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Calgary, Alberta

National Music Centre

Eclectic musical collection ranging from hurdy gurdies and orphicas to the Rolling Stones Mobile Studio. 

Tracing the story of music from 200 BCE to the present, the Cantos Music Foundation holds hundreds of musical artifacts. Among the foundation’s curiosities are one of the earliest pianos built in North America, as well as several generations of vintage electronic music equipment that makes Cantos the largest synth museum in Canada. Most of the exhibited instruments are able to be played by visitors.

Cantos has a growing collection of over 650 keyboard instruments and electronic equipment that represents the evolution of keyboard instruments from the pipe organ to modern synthesizers. The vintage synths in the electronics gallery include a wall of Moog synthesizers and a rare Acrylic Mellotron M400, like the that used in the Beatles’ “Strawberry Fields Forever” and the Moody Blues’ “Nights in White Satin.” It is one of only three in the world, having been stolen from Mellotron Digital in 1986 and reappearing in 1990 in “Dr. Funkenstein’s Music Lab” in Dallas. It eventually came to Cantos in 2002. There is also an ARP 2500 Synthesizer, the instrument used to talk to the aliens in “Close Encounters of the Third Kind.” A Buchla Box, made by synthesizer pioneer and Merry Prankster Don Buchla, was used by author Ken Kesey on the Further bus’ PA system during the Pranksters’ psychedelic road trip.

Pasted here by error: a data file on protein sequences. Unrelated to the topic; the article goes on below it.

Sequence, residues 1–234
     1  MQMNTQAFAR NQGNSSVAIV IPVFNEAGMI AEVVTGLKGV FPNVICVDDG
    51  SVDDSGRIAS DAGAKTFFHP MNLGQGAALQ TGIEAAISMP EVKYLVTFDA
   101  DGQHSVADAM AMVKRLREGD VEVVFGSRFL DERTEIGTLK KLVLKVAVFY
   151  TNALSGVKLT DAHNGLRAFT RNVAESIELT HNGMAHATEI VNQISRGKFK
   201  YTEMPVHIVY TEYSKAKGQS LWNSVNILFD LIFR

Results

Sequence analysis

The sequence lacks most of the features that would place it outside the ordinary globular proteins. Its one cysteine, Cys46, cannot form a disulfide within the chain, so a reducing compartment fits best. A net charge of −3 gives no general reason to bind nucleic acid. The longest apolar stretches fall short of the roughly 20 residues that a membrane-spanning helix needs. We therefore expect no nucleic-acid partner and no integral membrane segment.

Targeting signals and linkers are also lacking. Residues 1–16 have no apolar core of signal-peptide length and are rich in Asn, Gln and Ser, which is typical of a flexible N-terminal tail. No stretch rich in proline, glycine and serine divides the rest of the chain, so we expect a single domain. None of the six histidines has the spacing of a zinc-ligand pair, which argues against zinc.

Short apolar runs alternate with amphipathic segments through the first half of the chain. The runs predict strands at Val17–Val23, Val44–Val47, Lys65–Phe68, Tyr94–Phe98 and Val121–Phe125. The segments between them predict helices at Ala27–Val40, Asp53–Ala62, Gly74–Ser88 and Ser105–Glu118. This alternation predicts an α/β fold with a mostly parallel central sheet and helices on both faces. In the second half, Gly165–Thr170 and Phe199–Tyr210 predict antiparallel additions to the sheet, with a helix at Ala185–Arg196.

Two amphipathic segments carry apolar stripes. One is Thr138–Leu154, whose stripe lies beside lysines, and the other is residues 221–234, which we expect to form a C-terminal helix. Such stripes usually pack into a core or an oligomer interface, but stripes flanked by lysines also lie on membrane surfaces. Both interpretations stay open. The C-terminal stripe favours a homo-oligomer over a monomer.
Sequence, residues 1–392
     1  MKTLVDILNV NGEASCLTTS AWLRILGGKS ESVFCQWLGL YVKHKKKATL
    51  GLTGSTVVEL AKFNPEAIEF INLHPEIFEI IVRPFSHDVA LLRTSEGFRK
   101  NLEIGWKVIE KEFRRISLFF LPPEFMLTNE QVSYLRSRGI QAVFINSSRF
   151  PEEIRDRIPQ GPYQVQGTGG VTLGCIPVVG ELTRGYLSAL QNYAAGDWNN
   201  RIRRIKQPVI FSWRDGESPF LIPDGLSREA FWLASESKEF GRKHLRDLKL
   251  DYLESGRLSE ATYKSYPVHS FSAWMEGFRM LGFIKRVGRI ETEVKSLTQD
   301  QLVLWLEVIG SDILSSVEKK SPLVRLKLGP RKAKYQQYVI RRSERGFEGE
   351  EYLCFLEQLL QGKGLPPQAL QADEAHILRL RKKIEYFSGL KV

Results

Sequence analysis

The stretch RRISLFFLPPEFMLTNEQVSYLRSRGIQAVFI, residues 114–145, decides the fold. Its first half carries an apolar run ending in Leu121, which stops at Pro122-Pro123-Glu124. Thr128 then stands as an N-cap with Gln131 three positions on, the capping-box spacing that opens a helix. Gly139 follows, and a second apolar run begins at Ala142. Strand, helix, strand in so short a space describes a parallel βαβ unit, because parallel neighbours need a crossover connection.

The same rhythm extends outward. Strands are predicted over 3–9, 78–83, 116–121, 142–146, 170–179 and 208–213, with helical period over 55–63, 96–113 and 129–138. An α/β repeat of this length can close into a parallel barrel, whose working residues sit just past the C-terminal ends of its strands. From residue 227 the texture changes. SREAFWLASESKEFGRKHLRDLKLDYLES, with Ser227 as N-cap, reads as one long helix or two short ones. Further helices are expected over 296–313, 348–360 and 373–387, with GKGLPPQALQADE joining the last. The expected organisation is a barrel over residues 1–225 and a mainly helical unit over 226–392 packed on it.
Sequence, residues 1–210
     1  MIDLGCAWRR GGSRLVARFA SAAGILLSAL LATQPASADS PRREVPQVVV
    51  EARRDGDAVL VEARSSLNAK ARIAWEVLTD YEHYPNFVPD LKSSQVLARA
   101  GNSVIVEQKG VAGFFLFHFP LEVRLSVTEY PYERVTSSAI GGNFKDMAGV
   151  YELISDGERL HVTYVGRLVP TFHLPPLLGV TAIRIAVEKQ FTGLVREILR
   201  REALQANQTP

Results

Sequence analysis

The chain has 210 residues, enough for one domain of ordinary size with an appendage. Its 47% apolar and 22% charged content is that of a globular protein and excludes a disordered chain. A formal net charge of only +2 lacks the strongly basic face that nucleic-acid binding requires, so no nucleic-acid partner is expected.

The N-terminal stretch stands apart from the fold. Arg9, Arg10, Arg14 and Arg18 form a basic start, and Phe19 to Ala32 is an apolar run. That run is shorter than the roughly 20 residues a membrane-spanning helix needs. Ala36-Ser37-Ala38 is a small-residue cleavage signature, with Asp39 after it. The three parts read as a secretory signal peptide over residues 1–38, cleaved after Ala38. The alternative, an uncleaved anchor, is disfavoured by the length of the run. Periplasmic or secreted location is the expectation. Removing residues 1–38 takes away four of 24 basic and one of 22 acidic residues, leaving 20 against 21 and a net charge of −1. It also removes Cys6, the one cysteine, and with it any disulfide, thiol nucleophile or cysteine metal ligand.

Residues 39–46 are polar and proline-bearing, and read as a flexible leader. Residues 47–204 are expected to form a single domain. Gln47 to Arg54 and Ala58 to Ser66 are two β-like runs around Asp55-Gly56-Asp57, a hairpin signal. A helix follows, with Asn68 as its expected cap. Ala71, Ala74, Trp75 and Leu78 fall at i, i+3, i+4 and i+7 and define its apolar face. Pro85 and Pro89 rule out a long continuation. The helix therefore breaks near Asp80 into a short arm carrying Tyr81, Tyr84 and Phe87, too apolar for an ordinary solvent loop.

Antique instruments include a hurdy gurdy, an Orphica (an early portable keyboard), a Kimball Theatre Organ from the age of silent movies, and a Zumpe Square Piano, probably the first ever made by Johannes Zumpe in 1766, who made instruments accessible to the middle class.

Although not currently on display, the Rolling Stones Mobile Studio is part of the Cantos collection. The movable studio was used to record several of The Rolling Stones’ singles and albums, as well as by musicians like by Led Zeppelin, Fleetwood Mac, Lou Reed, and Bob Marley.

Unfortunately the 2013 floods of Southern Alberta caused considerable damage to the Cantos Collection. The National Music Center will house the Cantos Music Foundation Collection when it is completed in 2015. 

Obscura Day location: April 9, 2011.